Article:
- NSF-PAR ID:
- Yeager, Meredith
- Date Published:
- Journal Name:
- Molecular Biology and Evolution
- Page Range / eLocation ID:
- 3046 to 3059
- Medium: X
- Sponsoring Org:
- National Science Foundation
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The COVID-19 pandemic, caused by the coronavirus SARS-CoV-2, has resulted in the loss of millions of lives and severe global economic consequences. Every time SARS-CoV-2 replicates, the viruses acquire new mutations in their genomes. Mutations in SARS-CoV-2 genomes led to increased transmissibility, severe disease outcomes, evasion of the immune response, changes in clinical manifestations and reducing the efficacy of vaccines or treatments. To date, the multiple resources provide lists of detected mutations without key functional annotations. There is a lack of research examining the relationship between mutations and various factors such as disease severity, pathogenicity, patient age, patient gender, cross-species transmission, viral immune escape, immune response level, viral transmission capability, viral evolution, host adaptability, viral protein structure, viral protein function, viral protein stability and concurrent mutations. Deep understanding the relationship between mutation sites and these factors is crucial for advancing our knowledge of SARS-CoV-2 and for developing effective responses. To fill this gap, we built COV2Var, a function annotation database of SARS-CoV-2 genetic variation, available at http://biomedbdc.wchscu.cn/COV2Var/. COV2Var aims to identify common mutations in SARS-CoV-2 variants and assess their effects, providing a valuable resource for intensive functional annotations of common mutations among SARS-CoV-2 variants.
Building reliable phylogenies from very large collections of sequences with a limited number of phylogenetically informative sites is challenging because sequencing errors and recurrent/backward mutations interfere with the phylogenetic signal, confounding true evolutionary relationships. Massive global efforts of sequencing genomes and reconstructing the phylogeny of severe acute respiratory syndrome coronavirus 2 (SARS-CoV-2) strains exemplify these difficulties since there are only hundreds of phylogenetically informative sites but millions of genomes. For such datasets, we set out to develop a method for building the phylogenetic tree of genomic haplotypes consisting of positions harboring common variants to improve the signal-to-noise ratio for more accurate and fast phylogenetic inference of resolvable phylogenetic features.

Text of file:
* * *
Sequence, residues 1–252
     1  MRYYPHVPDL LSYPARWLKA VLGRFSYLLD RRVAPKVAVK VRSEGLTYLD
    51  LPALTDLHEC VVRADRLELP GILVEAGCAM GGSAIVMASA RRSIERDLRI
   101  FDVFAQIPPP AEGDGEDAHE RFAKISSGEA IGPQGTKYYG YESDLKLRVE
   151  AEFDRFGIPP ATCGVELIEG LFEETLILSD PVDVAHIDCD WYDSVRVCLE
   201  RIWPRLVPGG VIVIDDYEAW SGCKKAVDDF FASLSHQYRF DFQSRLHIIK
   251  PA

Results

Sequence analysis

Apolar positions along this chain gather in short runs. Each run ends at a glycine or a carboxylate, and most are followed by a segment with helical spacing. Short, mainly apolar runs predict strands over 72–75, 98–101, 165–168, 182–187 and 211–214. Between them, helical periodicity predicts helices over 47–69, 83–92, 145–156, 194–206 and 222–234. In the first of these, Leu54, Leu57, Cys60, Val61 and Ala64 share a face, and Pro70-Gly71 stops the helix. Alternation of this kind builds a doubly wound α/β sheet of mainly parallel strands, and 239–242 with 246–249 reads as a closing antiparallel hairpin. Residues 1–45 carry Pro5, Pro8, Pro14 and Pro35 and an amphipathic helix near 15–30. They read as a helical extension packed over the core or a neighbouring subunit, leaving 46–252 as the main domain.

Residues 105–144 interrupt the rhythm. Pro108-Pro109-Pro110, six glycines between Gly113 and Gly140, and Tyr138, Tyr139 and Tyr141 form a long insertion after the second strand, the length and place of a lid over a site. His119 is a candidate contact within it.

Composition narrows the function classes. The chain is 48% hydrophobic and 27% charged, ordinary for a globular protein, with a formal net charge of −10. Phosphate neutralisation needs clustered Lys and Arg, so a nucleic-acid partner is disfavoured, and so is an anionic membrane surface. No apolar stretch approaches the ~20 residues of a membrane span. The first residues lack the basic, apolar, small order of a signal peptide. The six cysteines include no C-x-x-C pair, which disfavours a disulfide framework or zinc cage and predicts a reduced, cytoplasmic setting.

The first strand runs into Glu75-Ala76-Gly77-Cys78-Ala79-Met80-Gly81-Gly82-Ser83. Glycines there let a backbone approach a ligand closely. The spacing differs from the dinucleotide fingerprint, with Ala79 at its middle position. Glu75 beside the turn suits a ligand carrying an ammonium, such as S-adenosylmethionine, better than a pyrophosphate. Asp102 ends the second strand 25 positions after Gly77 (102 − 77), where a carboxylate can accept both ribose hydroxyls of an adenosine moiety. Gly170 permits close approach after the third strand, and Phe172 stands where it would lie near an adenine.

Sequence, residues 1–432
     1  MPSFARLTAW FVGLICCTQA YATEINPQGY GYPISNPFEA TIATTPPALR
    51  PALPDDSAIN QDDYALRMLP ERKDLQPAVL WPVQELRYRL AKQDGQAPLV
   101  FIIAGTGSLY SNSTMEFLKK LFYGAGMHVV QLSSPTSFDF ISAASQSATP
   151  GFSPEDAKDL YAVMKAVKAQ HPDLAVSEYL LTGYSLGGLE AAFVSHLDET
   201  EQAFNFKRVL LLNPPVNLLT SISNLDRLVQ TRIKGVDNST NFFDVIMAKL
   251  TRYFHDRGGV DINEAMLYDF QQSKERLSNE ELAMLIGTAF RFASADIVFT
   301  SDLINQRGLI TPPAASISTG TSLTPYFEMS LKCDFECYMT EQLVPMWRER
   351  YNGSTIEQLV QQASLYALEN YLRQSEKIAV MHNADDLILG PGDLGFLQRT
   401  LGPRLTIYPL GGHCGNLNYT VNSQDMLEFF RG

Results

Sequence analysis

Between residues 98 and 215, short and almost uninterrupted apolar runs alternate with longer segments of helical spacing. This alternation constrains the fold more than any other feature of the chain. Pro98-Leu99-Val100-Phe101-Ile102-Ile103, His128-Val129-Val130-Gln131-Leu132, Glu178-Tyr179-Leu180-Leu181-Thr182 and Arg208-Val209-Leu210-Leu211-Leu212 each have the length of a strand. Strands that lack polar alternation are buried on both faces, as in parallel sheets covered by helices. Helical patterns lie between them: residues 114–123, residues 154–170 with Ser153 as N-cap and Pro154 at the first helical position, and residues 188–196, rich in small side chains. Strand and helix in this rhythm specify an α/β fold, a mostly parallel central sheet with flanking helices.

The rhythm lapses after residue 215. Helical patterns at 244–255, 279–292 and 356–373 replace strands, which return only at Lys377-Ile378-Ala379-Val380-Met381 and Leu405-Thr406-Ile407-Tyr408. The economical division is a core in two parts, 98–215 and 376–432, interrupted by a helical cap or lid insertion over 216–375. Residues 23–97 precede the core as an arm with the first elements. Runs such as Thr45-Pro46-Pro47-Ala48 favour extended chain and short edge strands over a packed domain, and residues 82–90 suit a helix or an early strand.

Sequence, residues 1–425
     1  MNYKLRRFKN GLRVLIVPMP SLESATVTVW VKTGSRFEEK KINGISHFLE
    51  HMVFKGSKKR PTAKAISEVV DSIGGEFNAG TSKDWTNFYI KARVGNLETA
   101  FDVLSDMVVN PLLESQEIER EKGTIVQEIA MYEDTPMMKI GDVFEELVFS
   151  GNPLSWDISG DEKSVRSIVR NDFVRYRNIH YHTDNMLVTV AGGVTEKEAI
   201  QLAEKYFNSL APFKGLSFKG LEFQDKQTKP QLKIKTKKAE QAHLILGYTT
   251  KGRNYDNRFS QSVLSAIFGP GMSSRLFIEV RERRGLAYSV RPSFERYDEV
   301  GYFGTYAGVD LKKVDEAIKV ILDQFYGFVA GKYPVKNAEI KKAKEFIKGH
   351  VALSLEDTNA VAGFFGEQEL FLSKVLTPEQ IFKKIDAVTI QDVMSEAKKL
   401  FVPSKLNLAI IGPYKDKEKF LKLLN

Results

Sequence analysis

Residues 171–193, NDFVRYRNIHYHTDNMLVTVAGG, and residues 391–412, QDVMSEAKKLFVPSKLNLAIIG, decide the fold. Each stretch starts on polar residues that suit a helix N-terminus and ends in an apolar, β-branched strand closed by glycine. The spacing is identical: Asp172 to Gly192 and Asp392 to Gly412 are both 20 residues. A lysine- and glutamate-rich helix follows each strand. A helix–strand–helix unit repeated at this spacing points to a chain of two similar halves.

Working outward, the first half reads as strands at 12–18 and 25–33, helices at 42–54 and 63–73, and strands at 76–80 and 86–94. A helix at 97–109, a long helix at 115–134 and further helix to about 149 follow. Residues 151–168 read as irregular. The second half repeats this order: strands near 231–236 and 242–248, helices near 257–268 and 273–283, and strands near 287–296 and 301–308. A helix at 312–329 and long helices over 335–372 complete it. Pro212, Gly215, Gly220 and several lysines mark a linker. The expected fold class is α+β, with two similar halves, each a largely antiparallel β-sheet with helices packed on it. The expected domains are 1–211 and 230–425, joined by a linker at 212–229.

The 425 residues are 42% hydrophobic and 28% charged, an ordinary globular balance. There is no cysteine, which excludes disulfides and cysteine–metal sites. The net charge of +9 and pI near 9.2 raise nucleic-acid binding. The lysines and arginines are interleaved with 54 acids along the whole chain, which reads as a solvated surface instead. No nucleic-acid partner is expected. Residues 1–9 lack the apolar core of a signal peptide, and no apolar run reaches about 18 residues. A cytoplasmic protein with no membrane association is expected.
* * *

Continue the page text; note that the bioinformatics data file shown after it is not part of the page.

We present the TopHap approach that determines spatiotemporally common haplotypes of common variants and builds their phylogeny at a fraction of the computational time of traditional methods. We develop a bootstrap strategy that resamples genomes spatiotemporally to assess topological robustness. The application of TopHap to build a phylogeny of 68 057 SARS-CoV-2 genomes (68KG) from the first year of the pandemic produced an evolutionary tree of major SARS-CoV-2 haplotypes. This phylogeny is concordant with the mutation tree inferred using the co-occurrence pattern of mutations and recovers key phylogenetic relationships from more traditional analyses. We also evaluated alternative roots of the SARS-CoV-2 phylogeny and found that the earliest sampled genomes in 2019 likely evolved by four mutations of the most recent common ancestor of all SARS-CoV-2 genomes. An application of TopHap to more than 1 million SARS-CoV-2 genomes reconstructed the most comprehensive evolutionary relationships of major variants, which confirmed the 68KG phylogeny and provided evolutionary origins of major and recent variants of concern.
Availability and implementation
TopHap is available at https://github.com/SayakaMiura/TopHap.
Supplementary data are available at Bioinformatics online.